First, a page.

Review Your Elevator Pitch: You already have your business pitch. Now trim it to two minutes—the essence of you and your business. This is not your media pitch; however, it will make crafting it easier. 


 If you don’t have an elevator pitch or need to re-visit your existing one, here is a great guide: 6 Steps for Writing a Powerful Elevator Pitch. It may take several, no, many attempts before you nail it. Just create a draft for now.  


Create Your Media Pitch: Your audience is a journalist. What would peak her/his attention? Does your business tie into trending news? Does it offer a solution or diversion to the economic downturn? Is it a new product to address the pandemic?
Do you provide educational tools for online learning or homeschooling? What about solutions and special offers for home improvement projects since most people are spending more time at home than ever before? 


Have you just introduced discounted services, home entertainment options, or virtual fitness or yoga classes? Are you a chef now offering online cooking classes? 


Step 1: Read this great article, How to Write a Media Pitch: Examples and Strategies   


Step 2: On Tuesday, the group will serve as a national media outlet broadcast or print. We will say “yay” or, in a friendly way, “nay” to whether we will cover and/or book you based on your pitch. Keep these rules in mind:


       *Know your audience.  

       *Be brief and newsworthy. 

       *Be passionate about your business. 


Step 3: Draft your media pitch.   



Press Release: You may decide to distribute a press release to media contacts. Check out this standard template.



Additional Reading: This is an excerpt from an article by Nicole Fallon, freelance writer and journalist:

How to Pitch Your Business to Customers, Investors, or Anyone Else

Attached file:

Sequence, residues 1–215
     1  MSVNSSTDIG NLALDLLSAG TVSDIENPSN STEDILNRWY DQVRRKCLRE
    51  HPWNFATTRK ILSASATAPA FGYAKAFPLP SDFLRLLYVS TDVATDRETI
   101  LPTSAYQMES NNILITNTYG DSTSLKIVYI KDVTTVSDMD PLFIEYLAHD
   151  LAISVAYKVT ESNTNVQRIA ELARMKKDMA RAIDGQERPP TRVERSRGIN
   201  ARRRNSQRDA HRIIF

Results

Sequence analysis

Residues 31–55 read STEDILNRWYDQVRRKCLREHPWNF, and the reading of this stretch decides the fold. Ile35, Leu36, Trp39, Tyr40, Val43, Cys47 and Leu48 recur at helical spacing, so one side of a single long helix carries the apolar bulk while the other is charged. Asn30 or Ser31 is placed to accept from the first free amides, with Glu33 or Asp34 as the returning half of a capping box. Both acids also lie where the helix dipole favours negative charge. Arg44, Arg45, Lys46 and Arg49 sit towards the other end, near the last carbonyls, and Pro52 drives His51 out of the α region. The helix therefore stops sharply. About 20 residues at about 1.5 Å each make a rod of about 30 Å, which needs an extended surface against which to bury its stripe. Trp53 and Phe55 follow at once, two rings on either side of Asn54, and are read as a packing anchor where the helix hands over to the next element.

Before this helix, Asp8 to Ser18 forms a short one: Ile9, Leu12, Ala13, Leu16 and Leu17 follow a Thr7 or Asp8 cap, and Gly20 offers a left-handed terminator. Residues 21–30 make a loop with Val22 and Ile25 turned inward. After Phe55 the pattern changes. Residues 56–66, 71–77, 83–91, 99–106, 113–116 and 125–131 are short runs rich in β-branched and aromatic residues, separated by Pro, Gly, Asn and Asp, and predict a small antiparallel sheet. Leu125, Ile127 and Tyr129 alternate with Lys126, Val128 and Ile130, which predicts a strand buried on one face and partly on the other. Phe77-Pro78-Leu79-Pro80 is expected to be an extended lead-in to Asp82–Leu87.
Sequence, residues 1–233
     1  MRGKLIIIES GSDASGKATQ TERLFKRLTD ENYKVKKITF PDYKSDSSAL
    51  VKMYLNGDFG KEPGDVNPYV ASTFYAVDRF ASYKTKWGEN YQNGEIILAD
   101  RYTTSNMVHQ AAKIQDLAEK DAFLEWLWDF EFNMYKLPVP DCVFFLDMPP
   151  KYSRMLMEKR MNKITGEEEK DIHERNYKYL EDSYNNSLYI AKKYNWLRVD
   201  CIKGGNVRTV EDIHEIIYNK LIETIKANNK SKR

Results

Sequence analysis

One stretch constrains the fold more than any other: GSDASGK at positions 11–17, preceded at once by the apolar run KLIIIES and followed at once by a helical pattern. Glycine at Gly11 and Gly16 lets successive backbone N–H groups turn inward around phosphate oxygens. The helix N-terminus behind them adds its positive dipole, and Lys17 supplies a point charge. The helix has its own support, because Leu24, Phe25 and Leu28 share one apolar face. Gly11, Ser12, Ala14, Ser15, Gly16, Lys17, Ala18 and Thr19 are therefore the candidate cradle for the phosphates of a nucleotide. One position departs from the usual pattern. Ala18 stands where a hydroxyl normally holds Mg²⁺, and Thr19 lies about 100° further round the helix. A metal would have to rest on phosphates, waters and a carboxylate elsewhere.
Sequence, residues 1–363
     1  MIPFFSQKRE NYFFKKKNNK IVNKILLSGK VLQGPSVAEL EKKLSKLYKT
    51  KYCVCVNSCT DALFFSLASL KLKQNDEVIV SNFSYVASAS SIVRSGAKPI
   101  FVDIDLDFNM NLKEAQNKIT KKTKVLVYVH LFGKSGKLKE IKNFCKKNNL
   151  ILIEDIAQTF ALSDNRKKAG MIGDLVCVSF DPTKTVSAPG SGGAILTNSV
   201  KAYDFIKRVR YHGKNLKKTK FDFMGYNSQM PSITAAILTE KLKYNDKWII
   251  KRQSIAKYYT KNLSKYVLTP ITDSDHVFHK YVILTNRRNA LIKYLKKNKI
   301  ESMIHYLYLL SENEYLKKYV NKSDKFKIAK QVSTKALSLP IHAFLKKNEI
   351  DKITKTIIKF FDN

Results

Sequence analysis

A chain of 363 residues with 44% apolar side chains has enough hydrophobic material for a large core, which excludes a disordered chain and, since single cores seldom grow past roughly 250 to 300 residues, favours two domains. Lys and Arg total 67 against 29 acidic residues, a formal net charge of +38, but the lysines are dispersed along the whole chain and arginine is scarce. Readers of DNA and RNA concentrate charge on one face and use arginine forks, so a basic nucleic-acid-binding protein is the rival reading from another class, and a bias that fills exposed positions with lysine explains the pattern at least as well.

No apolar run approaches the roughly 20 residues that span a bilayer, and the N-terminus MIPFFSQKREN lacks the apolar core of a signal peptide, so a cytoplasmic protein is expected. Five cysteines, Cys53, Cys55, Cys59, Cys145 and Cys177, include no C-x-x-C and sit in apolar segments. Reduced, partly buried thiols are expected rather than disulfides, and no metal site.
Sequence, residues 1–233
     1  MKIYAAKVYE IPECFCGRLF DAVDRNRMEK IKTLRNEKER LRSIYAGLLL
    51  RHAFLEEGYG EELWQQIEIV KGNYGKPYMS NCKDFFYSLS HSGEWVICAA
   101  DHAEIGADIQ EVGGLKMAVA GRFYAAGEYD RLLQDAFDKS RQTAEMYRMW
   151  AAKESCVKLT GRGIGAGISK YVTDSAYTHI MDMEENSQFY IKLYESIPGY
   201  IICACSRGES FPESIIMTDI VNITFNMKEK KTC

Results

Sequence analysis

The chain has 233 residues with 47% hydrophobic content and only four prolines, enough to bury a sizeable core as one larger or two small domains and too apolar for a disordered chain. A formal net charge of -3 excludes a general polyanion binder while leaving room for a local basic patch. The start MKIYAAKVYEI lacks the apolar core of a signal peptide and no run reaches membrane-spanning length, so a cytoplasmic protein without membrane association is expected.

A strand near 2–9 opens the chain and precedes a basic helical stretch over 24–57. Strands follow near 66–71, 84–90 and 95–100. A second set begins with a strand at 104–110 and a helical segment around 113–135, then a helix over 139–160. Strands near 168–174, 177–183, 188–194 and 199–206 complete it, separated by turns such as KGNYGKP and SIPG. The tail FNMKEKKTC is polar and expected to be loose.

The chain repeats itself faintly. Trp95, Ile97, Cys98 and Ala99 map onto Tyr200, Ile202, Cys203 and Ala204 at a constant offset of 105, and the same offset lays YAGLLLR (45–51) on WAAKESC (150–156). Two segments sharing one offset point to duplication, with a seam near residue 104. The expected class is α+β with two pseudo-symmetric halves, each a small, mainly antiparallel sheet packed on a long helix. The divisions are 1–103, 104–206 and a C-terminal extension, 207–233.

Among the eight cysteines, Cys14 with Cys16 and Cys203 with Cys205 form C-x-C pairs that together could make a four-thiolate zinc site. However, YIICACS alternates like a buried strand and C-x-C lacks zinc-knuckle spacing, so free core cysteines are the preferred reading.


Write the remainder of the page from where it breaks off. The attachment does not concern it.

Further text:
Media Pitching 

If you don’t have the budget to hire a public relations firm, you’ll need to learn to pitch reporters that cover your industry. Unlike pitches to the three audiences mentioned above, a successful media pitch won’t directly result in sales or funding. However, the way a reporter interprets and writes about your business does influence the way his or her readers see you — and those readers could be potential customers.


 But keep in mind that reporters aren’t looking to write an advertisement when they feature your company. Often, they’re looking for industry experts who can comment on topics that interest their readers. Instead of trying to use the media as a megaphone for your sales message, research the outlets you’re pitching to, and try to help them serve their readers.


 “If you are pitching to reporters, give them information that is useful for them and their [publication], and not because it will necessarily help your business,” said Holly Bennett, public relations associate for Toronto Vaporizer. “Find out as much about the person you are talking to and the situation at hand. [Use] company websites, Twitter, and LinkedIn to research who you are speaking to so you can be as valuable as possible. This builds trust and lets them know you are serious about making a mutually beneficial connection.” Bennett added that if you’re sending a pitch via email, avoid copying and pasting the same text to send to every reporter: “Make sure it’s always personalized, every time, for each person you are speaking to.”

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